Ramadan was always an exciting time for me, even before my spiritual awakening. It was the only time of year I practiced Islam and chose to refrain from eating, arguing, and enjoying myself excessively. I was a changed person; I was a Ramadan Muslim and proud! My routine was the same every day: I would wake up early and make the most delicious breakfast ever just to go straight back to bed, sometimes forgetting to pray the dawn prayer.
Ah, the relief from the pangs of hunger when I broke my fast was incredible. The sheer effort of fasting from dawn to dusk left me feeling extremely proud of myself. Some days I prayed all five prayers; other days I prayed whatever fitted into my busy schedule. Apart from being a pillar of Islam, the only purpose of Ramadan I was aware of was to experience the hunger poor people feel. When I heard of a Muslim that did not fast, I thought they were bad Muslims – ‘real’ Muslims fasts in Ramadan.
The whole family attended the Eid prayer to mark the end of Ramadan. I would wear a loose dress my mum had bought back for me from hajj – that ugly thing! It had a silver neckline and horrendous shoulder pads. Urrgh! I shuddered whenever I looked at myself in the mirror. I would unwillingly wear it to the mosque with a loose scarf draped on my head. After dodging anyone I knew on the way there, I eagerly removed it upon exiting the mosque. Who on earth designed these things anyway? As soon as the month was over, religion rarely crossed my mind until the next Ramadan when I repeated the same ritual.
Following my awakening, during
the first Ramadan as a ‘conscious Muslim’, I paid more attention to praying five times a day and reading the English translation of the Quran as and when I could. I had improved from my previous state, but Ramadan was still about refraining from food and drink. All the practicing Muslims around me were deeply in love with Ramadan, but I didn’t understand why there was so much excitement about going hungry from dawn to dusk. Was I missing something? I had no one to ask; everyone I met would assume that due to my born Muslim status, I knew everything there was to know about Ramadan. Left to my own devices, I picked up information through general conversations and at Islamic lectures.
My Ramadan transition came in the second year of my awakening in 2006. In the run up to the blessed month I attended a seminar where the real purpose of Ramadan was revealed to me: to gain taqwa (God consciousness). I was oblivious of the conditions of fasting, encouraged forms of worship, and many opportunities to gain endless reward. I was shocked to discover that Ramadan wasn’t just about going hungry, but rather a month where prayers are accepted, good deeds are multiplied, and sins are forgiven. In hindsight, I can boldly say I had merely been dieting the previous years.
This insight marked a new era for me and my routine changed drastically. A few days before Ramadan, I was excited and ready to implement all I’d learnt. The month of the Quran, in which it was revealed to our beloved Prophet Muhammed (peace be upon him) would arrive in a few days and I wasn’t going to waste a minute. I prepared myself mentally, physically, and spiritually. I may have missed out in previous years, but not this Ramadan. Taking a proactive approach, I set realistic goals, wrote daily schedules, assigned times to read the Qur’an, and made a prayer list. The day the announcement came that the moon had been sighted and we had entered into the blessed month of Ramadan, I couldn’t contain my excitement!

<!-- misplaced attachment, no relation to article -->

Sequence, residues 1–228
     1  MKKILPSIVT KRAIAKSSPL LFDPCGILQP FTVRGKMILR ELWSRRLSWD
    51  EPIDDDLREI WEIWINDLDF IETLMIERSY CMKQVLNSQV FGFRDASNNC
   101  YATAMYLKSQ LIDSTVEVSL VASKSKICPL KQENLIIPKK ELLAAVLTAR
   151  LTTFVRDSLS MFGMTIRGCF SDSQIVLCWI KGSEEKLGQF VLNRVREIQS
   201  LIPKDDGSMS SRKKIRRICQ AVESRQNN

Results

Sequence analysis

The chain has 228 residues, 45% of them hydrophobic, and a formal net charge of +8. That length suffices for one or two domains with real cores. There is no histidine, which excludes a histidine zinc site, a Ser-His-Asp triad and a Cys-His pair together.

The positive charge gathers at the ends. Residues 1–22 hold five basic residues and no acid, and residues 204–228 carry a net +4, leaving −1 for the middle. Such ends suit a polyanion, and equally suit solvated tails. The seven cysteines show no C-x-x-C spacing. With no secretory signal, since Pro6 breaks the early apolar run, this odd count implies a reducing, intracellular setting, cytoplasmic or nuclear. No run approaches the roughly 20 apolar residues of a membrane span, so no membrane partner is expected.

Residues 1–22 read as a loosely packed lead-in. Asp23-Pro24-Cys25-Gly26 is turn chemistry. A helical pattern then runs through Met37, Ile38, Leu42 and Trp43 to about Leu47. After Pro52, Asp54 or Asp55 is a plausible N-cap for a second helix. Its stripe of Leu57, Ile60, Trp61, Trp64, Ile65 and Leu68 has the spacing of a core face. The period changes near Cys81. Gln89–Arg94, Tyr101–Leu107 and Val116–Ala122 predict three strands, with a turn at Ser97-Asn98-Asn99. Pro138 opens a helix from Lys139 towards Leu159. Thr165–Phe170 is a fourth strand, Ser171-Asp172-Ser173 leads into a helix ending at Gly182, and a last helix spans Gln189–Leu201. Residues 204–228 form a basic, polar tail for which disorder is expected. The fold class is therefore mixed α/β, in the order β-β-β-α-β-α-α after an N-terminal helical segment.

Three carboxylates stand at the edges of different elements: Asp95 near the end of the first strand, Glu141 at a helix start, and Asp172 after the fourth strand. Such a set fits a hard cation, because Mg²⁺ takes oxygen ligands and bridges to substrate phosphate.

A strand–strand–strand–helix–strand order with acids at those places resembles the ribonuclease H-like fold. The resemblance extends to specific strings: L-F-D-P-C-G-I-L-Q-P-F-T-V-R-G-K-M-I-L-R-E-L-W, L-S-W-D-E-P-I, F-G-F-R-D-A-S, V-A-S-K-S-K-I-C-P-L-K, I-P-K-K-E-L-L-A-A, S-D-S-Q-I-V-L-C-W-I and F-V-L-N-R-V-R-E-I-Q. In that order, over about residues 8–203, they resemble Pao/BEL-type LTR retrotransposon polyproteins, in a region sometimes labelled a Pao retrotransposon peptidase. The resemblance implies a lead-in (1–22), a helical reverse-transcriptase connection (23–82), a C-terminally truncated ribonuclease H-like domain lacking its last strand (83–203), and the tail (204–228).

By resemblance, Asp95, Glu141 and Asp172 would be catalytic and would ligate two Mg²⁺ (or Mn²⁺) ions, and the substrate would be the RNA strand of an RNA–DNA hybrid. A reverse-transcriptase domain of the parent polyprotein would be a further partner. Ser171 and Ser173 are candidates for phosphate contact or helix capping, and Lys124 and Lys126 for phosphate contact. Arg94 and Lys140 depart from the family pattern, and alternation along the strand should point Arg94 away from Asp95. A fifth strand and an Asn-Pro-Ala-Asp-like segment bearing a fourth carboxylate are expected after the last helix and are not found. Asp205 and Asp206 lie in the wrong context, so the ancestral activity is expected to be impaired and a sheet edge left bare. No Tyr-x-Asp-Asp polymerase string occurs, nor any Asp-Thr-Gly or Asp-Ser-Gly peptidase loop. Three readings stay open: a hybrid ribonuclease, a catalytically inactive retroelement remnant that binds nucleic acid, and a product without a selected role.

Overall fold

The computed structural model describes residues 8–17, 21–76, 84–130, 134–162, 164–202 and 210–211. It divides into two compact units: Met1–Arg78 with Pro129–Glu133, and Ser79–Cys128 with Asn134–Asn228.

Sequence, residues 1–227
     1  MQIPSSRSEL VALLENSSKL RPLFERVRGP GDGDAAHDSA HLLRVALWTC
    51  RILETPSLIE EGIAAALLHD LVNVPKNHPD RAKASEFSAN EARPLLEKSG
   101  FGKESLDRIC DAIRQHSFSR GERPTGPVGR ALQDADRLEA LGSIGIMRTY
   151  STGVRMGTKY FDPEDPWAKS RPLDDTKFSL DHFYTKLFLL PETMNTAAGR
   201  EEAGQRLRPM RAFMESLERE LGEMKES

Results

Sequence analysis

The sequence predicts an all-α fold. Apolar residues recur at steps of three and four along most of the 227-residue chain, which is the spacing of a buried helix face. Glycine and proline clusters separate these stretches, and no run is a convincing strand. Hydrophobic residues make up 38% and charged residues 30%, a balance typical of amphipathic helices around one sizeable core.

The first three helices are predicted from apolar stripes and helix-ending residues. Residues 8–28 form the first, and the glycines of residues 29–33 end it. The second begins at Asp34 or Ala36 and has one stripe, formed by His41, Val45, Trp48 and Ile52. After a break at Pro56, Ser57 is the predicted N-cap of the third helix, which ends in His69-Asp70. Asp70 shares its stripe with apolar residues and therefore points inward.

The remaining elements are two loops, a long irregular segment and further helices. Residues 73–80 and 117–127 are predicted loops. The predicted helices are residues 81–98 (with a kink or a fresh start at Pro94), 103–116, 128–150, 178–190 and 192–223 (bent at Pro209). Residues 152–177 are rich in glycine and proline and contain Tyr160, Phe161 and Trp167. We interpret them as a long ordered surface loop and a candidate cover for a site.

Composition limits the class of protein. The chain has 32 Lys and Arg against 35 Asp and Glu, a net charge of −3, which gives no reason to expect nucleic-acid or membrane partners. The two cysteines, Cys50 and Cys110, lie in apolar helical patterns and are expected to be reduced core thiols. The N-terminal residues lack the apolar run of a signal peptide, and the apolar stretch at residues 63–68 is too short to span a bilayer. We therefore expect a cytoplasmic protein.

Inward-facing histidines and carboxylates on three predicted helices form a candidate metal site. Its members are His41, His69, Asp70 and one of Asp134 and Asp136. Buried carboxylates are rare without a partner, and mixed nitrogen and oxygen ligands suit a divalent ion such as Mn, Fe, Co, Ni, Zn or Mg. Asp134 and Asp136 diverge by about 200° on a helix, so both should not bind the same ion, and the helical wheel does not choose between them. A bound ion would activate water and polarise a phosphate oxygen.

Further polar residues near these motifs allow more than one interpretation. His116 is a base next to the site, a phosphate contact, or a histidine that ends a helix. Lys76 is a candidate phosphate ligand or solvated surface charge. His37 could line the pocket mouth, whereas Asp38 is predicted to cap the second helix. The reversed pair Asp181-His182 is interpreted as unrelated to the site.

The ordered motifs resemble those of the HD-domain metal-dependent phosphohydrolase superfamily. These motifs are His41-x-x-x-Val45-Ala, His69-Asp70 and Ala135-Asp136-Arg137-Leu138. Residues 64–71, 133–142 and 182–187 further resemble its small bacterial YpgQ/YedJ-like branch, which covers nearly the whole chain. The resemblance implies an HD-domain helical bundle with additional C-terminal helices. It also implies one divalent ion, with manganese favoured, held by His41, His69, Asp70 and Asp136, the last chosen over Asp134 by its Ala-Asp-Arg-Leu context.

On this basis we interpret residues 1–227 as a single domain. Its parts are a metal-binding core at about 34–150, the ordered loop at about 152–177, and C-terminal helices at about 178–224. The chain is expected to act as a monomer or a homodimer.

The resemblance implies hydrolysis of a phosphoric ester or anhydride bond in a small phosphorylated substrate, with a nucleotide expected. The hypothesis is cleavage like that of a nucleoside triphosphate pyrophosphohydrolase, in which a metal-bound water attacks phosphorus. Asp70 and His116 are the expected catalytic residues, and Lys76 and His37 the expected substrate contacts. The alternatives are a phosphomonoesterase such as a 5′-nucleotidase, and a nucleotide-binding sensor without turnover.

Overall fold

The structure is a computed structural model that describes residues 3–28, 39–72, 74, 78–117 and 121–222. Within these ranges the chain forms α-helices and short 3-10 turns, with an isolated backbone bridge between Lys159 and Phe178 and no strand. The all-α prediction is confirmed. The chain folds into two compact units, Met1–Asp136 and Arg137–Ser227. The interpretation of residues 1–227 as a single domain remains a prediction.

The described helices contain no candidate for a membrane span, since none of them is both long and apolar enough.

Implementing my new routine, I woke up 2 hours before the dawn prayer, recited the Quran, prayed in the middle of the night, and read through my prayer list. Twenty minutes before Fajr, I ate a light meal before praying the dawn prayer.
In my day-to-day life, every opportunity was used to indulge in the remembrance of Allah. Each day I pushed myself to read more, pray more, and purify my heart as a means of getting closer to Him. I barely noticed how hungry I was when breaking my fast, just grateful I had been granted the opportunity to do it properly – a second chance. No longer a ritual to be repeated each year, I truly felt the essence of Ramadan. As the weeks went by, I could feel myself evolving and forming a bond with my Creator on a deeper level than I had ever experienced.
During the last few days of Ramadan, a great realisation dawned on me: the spiritual month of mercy where the doors of Paradise and forgiveness are wide open was departing by the minute. Filled with sadness, I wept; I didn’t want to slip back into my old ways, and was desperate to preserve the spiritual high. I made a resolution to use Ramadan as a training ground and a means to plant the seeds of change in my life. If I could exert myself in this holy month, what was stopping me from continuing all year round? I was not ready to abandon fasting and other good habits I had developed, but could I truly continue after Ramadan?
2 thoughts on “Ramadan Muslimah ‘n’ Proud!”
Mashallah great article, and totally relatable. I think as born muslim sometimes attitudes can become compliance. However I thing its all about intention and renewing it every year, may Allah awj accept it! We are the lucky ones who are slowly but surely are becoming more woke. Mat Allah awj accept all our ibaada and expiate our sins Ameen.